Is the Fountain of Youth on the Horizon? Scientists Say They're a Step Closer to Halting Ageing

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Old young woman reflection - Sputnik International, 1920, 07.02.2022
The fresh anti-ageing ideas range from the use of special drug treatments to rather peculiar procedures, including injections with a young person's blood.
It appears the time has come to bid farewell to monkey glands or goat testicles as something that is thought to help you remain young forever.
The world's most prolific researchers are already exploring every gene and cell in the human body to try and tackle the ageing process with the help of so-called "rejuvenation science".
The main focus of the research, which by the way, is sponsored by billionaires such as Amazon boss Jeff Bezos, has been placed on extending something called healthy life expectancy, or "healthspan".

Professor Dame Linda Partridge, a geneticist at University College London, stressed that "there is an ethical imperative to try to find ways of keeping people healthier longer, to try to reduce this period of loss of function at the end of their lives".

One method being explored by scientists aims to give healthy people medicines that treat serious diseases such as cancer and diabetes years before they develop. The medicines, among them rapamycin and metformin, researchers believe, can increase overall life expectancy and have a rejuvenating effect on a person's immune system.
According to scientists, the effect of these drugs on the body is similar to that of fasting diets, which have long been known for their anti-ageing benefits.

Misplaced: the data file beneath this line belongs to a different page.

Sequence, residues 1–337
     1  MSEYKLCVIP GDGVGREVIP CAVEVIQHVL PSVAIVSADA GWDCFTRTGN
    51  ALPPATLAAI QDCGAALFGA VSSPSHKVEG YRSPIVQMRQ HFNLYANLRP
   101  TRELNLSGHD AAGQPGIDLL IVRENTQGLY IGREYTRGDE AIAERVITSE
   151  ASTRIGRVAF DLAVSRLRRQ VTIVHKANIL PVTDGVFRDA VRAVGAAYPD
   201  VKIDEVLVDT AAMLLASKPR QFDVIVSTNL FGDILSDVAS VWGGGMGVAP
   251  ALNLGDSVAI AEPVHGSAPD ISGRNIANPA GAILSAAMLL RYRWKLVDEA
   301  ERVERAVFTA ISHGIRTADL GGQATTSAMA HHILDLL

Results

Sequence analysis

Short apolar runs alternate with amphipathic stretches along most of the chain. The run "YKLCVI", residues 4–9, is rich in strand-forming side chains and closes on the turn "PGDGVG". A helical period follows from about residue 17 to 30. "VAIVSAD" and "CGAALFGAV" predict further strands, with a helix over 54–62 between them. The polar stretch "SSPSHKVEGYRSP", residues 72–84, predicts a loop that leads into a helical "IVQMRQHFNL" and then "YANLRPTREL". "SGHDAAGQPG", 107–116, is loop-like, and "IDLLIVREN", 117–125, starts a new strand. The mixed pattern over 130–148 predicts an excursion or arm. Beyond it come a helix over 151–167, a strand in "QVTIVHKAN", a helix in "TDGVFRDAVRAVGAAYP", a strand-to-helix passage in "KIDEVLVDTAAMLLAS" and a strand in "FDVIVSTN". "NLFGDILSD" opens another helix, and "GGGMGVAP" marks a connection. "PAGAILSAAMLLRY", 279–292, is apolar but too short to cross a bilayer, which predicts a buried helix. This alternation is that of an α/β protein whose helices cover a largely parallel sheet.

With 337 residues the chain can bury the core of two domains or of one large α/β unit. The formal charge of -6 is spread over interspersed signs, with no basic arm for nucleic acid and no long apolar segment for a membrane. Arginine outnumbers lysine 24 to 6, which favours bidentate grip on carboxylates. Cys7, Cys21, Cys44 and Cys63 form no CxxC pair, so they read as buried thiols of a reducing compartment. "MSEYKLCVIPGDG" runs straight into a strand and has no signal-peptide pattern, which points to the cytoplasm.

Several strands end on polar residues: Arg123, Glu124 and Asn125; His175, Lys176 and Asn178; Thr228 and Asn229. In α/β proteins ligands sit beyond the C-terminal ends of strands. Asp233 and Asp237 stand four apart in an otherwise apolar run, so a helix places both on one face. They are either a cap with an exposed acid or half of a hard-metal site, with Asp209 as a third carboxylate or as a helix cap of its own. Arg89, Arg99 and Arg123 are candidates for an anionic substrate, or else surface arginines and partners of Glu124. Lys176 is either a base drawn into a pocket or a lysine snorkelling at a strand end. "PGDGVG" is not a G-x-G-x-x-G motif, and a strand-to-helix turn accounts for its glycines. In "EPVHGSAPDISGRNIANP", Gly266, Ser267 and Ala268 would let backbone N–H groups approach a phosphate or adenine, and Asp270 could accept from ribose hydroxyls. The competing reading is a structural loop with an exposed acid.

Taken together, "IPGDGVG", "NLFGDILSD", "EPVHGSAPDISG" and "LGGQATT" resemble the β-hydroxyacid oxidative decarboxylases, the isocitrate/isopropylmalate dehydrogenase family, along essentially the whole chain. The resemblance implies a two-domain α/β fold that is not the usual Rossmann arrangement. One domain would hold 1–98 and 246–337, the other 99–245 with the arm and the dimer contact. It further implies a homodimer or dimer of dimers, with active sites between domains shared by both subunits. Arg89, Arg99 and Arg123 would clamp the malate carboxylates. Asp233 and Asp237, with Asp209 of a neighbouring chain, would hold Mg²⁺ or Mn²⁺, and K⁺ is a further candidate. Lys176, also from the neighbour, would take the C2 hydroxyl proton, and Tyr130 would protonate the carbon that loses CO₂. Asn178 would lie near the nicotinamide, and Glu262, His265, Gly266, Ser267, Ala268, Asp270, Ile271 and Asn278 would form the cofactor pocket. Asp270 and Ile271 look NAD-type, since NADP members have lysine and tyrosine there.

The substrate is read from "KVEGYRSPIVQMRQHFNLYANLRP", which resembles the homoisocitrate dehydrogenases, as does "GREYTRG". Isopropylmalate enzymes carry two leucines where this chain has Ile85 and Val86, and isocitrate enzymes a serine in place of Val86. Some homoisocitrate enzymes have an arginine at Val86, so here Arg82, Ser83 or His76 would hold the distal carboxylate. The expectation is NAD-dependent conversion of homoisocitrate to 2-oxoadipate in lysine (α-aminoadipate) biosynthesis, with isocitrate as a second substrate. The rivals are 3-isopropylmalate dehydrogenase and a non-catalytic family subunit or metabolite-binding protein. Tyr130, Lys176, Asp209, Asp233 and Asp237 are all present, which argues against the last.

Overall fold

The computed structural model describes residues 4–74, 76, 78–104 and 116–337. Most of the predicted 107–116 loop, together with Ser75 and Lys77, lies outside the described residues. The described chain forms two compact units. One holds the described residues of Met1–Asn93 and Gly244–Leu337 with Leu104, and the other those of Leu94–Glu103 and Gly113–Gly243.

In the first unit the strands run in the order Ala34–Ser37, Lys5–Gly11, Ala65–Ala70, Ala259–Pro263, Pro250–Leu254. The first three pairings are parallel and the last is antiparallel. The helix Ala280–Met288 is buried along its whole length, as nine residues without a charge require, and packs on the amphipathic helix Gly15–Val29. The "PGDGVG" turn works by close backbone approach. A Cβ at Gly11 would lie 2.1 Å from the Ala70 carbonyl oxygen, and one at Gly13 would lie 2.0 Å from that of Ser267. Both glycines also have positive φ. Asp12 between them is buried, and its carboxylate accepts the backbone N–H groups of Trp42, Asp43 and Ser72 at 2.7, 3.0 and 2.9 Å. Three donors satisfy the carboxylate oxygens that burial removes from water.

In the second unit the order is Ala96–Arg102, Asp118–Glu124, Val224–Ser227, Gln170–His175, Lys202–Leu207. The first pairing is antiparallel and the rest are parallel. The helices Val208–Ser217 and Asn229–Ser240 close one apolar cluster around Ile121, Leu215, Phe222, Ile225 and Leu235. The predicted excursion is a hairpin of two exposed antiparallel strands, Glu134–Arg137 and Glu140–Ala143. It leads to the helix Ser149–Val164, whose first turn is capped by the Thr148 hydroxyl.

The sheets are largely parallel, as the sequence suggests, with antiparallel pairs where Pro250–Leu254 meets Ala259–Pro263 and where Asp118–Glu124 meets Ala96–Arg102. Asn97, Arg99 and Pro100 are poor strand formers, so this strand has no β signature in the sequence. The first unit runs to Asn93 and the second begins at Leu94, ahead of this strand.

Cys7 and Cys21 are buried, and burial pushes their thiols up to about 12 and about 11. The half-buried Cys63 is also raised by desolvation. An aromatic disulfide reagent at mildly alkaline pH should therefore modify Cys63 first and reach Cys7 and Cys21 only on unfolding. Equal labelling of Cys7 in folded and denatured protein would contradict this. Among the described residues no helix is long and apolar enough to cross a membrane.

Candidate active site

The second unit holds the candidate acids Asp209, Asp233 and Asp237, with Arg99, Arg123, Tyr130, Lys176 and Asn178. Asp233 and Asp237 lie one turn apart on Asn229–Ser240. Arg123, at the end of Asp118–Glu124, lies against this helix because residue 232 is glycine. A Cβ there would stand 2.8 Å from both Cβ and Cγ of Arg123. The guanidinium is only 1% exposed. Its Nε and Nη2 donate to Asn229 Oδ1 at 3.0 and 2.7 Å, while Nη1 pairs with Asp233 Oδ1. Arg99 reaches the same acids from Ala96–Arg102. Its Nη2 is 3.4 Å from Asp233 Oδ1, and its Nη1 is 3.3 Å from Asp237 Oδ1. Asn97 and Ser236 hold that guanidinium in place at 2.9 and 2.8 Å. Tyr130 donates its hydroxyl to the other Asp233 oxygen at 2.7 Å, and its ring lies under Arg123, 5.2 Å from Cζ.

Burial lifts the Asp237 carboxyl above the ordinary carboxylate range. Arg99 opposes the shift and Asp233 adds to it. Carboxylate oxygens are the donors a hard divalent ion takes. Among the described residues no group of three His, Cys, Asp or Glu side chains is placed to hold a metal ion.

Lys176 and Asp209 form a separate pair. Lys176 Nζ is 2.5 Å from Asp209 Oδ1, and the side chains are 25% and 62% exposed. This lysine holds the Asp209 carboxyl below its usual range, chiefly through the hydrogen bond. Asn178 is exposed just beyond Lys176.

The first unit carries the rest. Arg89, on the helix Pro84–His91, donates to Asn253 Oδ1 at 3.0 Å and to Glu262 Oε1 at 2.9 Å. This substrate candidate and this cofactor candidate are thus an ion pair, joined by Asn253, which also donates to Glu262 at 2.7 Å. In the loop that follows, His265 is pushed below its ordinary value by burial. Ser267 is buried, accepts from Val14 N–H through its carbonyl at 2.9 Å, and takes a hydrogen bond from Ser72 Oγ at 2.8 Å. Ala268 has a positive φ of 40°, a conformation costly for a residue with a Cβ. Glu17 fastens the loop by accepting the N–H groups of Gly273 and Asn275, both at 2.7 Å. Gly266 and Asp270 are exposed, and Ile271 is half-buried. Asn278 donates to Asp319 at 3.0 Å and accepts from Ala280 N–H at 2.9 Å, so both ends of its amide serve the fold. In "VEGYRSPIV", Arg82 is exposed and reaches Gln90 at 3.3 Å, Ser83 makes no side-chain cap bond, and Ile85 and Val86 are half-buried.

Previous studies showed that restricting calories had a rejuvenating impact because the lack of nutrients prompts the body to break down its own cells for energy, including those cells that are already damaged or malfunctioning. The research also indicated that the number of dead cells a person has is directly linked to the risk of the development of age-related conditions such as cancer, dementia, and diabetes, among other problems.
You may now wonder whether there are other fresh ideas concerning anti-ageing aside from the use of special medicines. The answer is yes, and the research is based on a host of studies in the early 2000s that involved animals such as mice. The experiments showed that older mice injected with the blood of a younger creature saw a boost in the proteins responsible for repairing damaged tissue, as well as better brain, muscle, and liver function.
Right now, the US government's National Institutes of Health is funding independent research into such a treatment, which is expected to help scientists stave off the problem of ageing.
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